Frame tracking and rear triangle spacing

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javatime
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Frame tracking and rear triangle spacing

Postby javatime » 13 Oct 2014, 9:20pm

After 30 odd years of fettling bikes I am up against a conundrum.

I recently completed an overhaul of a Dawes Galaxy - the second hand frame of unknown history was new to me, not sure of the age but with loops on the head tube for bar end shifter cable outers I imagine not terribly old although with a narrow rear triangle spacing.

The rear triangle spacing was tight, but I managed to spring in a 130 OLN rear wheel. Therefore no surprises to find on the test run that the frame was not tracked correctly. It didn't have the stability I have experienced with a number of Galaxies.

Back home I used the elastic string from both rear lugs to the head tube to check the tracking and no surprise to find it 10 mm out and rear spacing to be around 125 mm

I used a piece of studding in the rear drop outs and a couple of nuts to get the rear triangle spacing right, and checking the tracking found that has corrected the right way as well, maybe 1- 2 mm out.

But here is the strange thing - although the wheel is centred at the chainstay bridge with the axle right at the back of the lugs, it is probably 10 mm out at the top brake bridge.

I don't understand this.The wheel was built correctly by Spa a while ago, and trying several other wheels I get the same offset ?

I would have thought the dish of a traditional 5 speed block type wheel for which I assume the frame was built, would be the same as a modern 8 speed - i.e. the centreline of the tyre tread is at the centre line of the axle ?

Until I take another ride I don't know if this will affect the ride, but open to any insights or explanations.

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531colin
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Re: Frame tracking and rear triangle spacing

Postby 531colin » 13 Oct 2014, 10:20pm

Image

Check the wheel alignment as in the above photo from here...http://forum.ctc.org.uk/viewtopic.php?f=1&t=59332&hilit=+string

The wheels need to line up at the tyre contact patch, its not as important for the top of the back wheel to be in the middle at the brake bridge, just as long as you can set up the brake OK.
If the rear tyre contact patch is a few mm off to one side, I would expect the bike to steer no hands by putting the saddle under one cheek rather than sitting straight.

Other stuff......conventionally, the rim is equidistant from the left and right dropouts......irrespective of how wide it is.
As to why the wheel is out at the top, I suppose the trite answer is "Something bent"....difficult to be specific......but if the dropout slots are not exactly parallel, for example, then the wheel could be skewed when its at the very ends of the slots. Might be OK to good at mid-slot, for example.

LWaB
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Re: Frame tracking and rear triangle spacing

Postby LWaB » 13 Oct 2014, 11:10pm

It isn't unknown for rear dropouts to be at different elevations, which cocks the wheel at an angle.

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NATURAL ANKLING
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Re: Frame tracking and rear triangle spacing

Postby NATURAL ANKLING » 13 Oct 2014, 11:52pm

Hi,
As I would have to line up wheels on hundreds of motorbikes in the past (actually mostly used the tyres) the only correct way to be more precise is to get the rims parralel which each other, and the centre line of rims to be on the same plane too.
I had no garentee that the steering head was parralel too, only a ride would tell, with out removing forks.

The steering head needs to be on the same plane too.

If these are correct then nothing else matters.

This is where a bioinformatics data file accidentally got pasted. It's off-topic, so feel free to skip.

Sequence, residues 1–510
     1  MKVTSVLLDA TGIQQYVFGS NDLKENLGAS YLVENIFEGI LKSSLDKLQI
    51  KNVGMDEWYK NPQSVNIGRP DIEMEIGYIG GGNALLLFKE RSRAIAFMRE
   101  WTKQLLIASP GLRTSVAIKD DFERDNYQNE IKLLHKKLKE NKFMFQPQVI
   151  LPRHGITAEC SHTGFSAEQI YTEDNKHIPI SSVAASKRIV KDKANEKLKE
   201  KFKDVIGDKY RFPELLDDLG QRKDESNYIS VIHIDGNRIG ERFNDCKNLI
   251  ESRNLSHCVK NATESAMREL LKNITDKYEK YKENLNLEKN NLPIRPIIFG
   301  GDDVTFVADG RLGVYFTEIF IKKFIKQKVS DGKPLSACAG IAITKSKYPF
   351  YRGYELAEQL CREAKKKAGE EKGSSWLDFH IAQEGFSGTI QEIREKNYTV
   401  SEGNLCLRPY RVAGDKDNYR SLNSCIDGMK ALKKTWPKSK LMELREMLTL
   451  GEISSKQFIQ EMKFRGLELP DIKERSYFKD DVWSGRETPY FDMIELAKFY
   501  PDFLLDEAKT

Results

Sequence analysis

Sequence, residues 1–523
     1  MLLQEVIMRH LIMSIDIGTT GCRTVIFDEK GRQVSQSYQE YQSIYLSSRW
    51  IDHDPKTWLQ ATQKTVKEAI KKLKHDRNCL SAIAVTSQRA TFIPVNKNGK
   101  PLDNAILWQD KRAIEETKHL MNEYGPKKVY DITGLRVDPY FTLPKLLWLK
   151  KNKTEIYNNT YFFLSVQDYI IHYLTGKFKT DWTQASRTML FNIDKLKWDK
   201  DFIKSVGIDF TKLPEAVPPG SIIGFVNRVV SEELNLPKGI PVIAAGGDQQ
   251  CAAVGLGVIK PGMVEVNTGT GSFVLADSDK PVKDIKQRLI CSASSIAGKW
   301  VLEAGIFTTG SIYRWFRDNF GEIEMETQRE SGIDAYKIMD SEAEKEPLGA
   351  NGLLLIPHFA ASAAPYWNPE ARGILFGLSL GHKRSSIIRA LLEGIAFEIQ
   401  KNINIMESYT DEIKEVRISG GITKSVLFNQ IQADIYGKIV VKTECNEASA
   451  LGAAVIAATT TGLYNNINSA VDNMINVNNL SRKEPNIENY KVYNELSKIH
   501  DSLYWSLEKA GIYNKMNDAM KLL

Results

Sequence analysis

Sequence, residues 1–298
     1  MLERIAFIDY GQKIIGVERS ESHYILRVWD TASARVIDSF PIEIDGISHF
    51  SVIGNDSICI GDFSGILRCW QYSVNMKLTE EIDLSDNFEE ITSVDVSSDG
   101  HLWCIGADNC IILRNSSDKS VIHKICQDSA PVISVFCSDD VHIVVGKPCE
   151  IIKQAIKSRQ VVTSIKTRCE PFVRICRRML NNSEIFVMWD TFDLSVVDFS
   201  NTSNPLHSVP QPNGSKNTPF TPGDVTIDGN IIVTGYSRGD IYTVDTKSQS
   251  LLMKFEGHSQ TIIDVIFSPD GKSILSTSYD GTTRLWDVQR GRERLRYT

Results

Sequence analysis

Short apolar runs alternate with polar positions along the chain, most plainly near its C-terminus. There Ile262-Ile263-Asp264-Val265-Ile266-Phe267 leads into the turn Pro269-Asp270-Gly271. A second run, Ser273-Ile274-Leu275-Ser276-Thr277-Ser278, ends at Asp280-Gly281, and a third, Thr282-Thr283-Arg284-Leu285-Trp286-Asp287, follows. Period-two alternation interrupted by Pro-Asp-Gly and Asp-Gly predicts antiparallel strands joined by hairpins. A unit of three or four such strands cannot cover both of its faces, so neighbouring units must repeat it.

From what you are saying the dropouts are at different heights / frame bent / frame not jigged correctly when made.

Place eight tins of beans on a large kitchen worktop, equi spaced and same pattern both wheels.
Place bike with tyres removed / flat (no air) on the tins touching the rims.
Get some one to hold down rear wheel onto the tins, whilst you attempt to get all tins to touch front rim :?:

This will tell you that the rims are on the same plane and parralel too.

You could hold front wheel onto tins and adjust rear skewer, but if dropouts are different heights then the error will be aparent.

This does not check the steering head and a twisted steering head will give same results as above.

Twisted steering head or malaligned wheels will put the steering head off centre with front tyre patch and will affect stability.
NA Thinks Just End 2 End Return + Bivvy
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NATURAL ANKLING
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Re: Frame tracking and rear triangle spacing

Postby NATURAL ANKLING » 14 Oct 2014, 6:24pm

Hi,
Rims have to be on centre of hubs, i e - if you turn the wheels over in frame / forks, the rims are still in same place equi distance from forks.
If they are not then rims will need trueing.
Ideally you need a dishing tool to check both wheels.
NA Thinks Just End 2 End Return + Bivvy
You'll Still Find Me At The Top Of A Hill
Please forgive the poor Grammar I blame it on my mobile and phat thinkers.

javatime
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Re: Frame tracking and rear triangle spacing

Postby javatime » 14 Oct 2014, 9:37pm

Many thanks for your suggestions - I do like these pragmatic low tech solutions.

I will also measure the distance from the QR skewer centre to to seat clamp bolt up each seat stay - that should confirm if there is any misalignment there (perhaps one is longer than the other from when the frame was built ?)

Probably not until next weekend, but I will let you know how I get on.

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Lance Dopestrong
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Re: Frame tracking and rear triangle spacing

Postby Lance Dopestrong » 14 Oct 2014, 10:24pm

I had the same on a used steel.mtb frame I bought. Align the wheel properly.at the chainstay bridge and it would be misaligned at the brakes. I checked alignment using the Sheldon Brown method and found both rear triangles were bent off to one side. A bit of careful cold setting cured it.

Scroll down to 'checking alignment (symmetry)'

http://www.sheldonbrown.com/frame-spacing.html
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elPedro666
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Re: Frame tracking and rear triangle spacing